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MICROBIAL TRANSFORMATIONS- A TOOL FOR PRODUCTION OF SECONDARY METABOLITES. POONAM DHAND, BALBIR SINGH, GEETANJALI

MICROBIAL TRANSFORMATIONS- A TOOL FOR PRODUCTION OF SECONDARY METABOLITES.

POONAM DHAND, BALBIR SINGH, GEETANJALI

International Journal of Natural Product Science 2012: Spl Issue 1:220.

Abstract(RBIP-220)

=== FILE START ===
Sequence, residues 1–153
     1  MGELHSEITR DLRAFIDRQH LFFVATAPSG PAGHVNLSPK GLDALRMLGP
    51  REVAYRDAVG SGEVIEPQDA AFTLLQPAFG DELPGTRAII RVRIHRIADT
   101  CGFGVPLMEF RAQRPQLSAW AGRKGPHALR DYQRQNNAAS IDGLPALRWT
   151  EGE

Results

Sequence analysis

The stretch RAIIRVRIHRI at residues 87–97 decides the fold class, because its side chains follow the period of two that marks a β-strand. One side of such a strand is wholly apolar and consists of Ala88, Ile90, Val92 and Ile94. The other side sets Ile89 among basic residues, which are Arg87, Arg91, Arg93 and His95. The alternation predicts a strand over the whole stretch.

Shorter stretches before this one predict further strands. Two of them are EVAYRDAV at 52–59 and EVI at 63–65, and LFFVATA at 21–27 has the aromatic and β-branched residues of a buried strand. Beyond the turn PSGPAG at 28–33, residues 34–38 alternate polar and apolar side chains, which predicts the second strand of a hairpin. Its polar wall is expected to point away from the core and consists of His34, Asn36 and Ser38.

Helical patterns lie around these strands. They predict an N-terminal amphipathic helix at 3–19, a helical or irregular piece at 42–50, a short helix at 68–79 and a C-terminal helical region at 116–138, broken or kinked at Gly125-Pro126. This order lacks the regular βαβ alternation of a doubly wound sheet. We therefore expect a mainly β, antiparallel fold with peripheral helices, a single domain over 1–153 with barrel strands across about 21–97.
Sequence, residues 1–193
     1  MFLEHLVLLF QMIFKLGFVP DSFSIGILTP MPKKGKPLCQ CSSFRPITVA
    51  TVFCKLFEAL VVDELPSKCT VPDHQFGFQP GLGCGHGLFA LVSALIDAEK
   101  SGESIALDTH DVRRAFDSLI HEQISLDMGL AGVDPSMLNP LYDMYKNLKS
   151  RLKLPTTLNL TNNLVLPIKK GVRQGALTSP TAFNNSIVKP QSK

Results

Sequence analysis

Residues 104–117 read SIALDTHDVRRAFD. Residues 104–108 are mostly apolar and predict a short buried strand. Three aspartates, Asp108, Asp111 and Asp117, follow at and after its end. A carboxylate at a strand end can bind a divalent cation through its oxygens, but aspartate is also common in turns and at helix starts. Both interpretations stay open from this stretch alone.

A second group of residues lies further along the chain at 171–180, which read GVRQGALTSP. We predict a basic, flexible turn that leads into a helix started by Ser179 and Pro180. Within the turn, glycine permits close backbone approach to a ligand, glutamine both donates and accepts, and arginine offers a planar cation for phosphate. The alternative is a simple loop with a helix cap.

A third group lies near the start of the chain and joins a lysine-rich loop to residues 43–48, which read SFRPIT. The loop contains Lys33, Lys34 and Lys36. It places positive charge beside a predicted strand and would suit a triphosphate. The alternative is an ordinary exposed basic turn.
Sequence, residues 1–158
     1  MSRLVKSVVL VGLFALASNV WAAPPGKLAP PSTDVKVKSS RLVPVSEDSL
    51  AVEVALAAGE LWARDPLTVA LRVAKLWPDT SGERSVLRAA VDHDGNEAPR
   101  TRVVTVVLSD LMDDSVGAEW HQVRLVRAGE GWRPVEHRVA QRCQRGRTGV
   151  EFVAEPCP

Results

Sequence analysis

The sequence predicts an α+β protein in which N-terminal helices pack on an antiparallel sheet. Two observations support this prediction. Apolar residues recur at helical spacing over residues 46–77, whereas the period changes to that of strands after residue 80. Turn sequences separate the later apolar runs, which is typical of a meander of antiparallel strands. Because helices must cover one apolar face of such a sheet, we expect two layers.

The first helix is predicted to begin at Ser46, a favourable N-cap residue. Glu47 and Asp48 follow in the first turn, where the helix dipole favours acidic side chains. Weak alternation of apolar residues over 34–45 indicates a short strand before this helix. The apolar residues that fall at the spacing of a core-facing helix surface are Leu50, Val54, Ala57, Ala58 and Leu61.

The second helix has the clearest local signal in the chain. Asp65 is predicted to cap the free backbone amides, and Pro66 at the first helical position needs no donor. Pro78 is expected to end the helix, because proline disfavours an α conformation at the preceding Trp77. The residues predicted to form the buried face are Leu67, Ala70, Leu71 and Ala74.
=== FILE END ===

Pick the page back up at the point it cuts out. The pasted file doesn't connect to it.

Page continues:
Biotransformation is a biological process in which an organic compound is modified into a reversible product. It involves simple, chemically defined reactions catalyzed by enzymes present in the cells. Cells (i.e., microbial, plant and animal) provide the enzymes to catalyze the transformation reactions. Biotransformation processes are often preferred to chemical processes when high specificity is required, to attack specific site on the substrate and for a single isomer of the product. Biotransformation processes were carried with plant cells successfully for a variety of novel compounds i.e., cardiac glycosides, digoxin, benzyl isoquinoline, etc. They perform various types of reactions such as hydroxylation of cardienolides. The most important aspect of biotransformation by plant cell is conjugation reactions. A systematic approach to microbial transformation was initiated by Bertrand, and the following reactions were found: oxidation, hydrolysis, reduction, acylation, phosphorylation, glycosylation, methylation, amination, halogenation and resolution of racemic mixtures. Secondary metabolites comprise a diverse range of compounds synthesized by various fungal cultures and some bacteria such as Streptomyces. The most commonly used microorganisms in the production of secondary metabolites are fungi and actinomycetes. Microbial transformations are attractive because they duplicate their biomass so quickly (between 20 minutes and 2 hours) and thus produce cost effective metabolites.
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